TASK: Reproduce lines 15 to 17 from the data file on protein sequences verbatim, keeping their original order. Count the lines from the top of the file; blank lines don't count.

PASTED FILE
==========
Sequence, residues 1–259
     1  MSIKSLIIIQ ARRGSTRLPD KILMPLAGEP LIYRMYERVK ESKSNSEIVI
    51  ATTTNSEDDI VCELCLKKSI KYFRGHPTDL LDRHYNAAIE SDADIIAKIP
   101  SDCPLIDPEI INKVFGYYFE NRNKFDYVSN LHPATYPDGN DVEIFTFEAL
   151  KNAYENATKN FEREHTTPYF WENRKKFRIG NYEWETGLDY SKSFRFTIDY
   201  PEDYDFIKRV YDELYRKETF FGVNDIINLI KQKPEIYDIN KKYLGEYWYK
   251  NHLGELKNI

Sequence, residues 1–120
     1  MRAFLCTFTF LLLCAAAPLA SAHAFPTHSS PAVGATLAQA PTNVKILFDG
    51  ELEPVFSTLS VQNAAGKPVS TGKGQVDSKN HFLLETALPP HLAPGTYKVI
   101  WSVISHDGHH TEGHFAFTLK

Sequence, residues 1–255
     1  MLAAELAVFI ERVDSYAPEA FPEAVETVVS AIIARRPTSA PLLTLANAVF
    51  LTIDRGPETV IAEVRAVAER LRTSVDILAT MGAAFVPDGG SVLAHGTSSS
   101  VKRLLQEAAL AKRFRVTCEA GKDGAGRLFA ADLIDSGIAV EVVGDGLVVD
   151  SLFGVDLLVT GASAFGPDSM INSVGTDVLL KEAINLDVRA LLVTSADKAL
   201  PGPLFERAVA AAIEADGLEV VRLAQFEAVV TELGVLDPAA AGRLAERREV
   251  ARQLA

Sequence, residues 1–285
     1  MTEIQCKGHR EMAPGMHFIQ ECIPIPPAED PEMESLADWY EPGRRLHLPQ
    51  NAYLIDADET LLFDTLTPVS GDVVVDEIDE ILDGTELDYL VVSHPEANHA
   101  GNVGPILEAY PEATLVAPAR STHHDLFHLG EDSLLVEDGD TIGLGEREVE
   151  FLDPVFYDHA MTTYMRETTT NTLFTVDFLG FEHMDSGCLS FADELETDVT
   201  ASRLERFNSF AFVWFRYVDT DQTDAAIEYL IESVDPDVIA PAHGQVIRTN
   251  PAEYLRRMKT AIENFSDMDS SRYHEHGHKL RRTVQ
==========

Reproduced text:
   101  VKRLLQEAAL AKRFRVTCEA GKDGAGRLFA ADLIDSGIAV EVVGDGLVVD
   151  SLFGVDLLVT GASAFGPDSM INSVGTDVLL KEAINLDVRA LLVTSADKAL
   201  PGPLFERAVA AAIEADGLEV VRLAQFEAVV TELGVLDPAA AGRLAERREV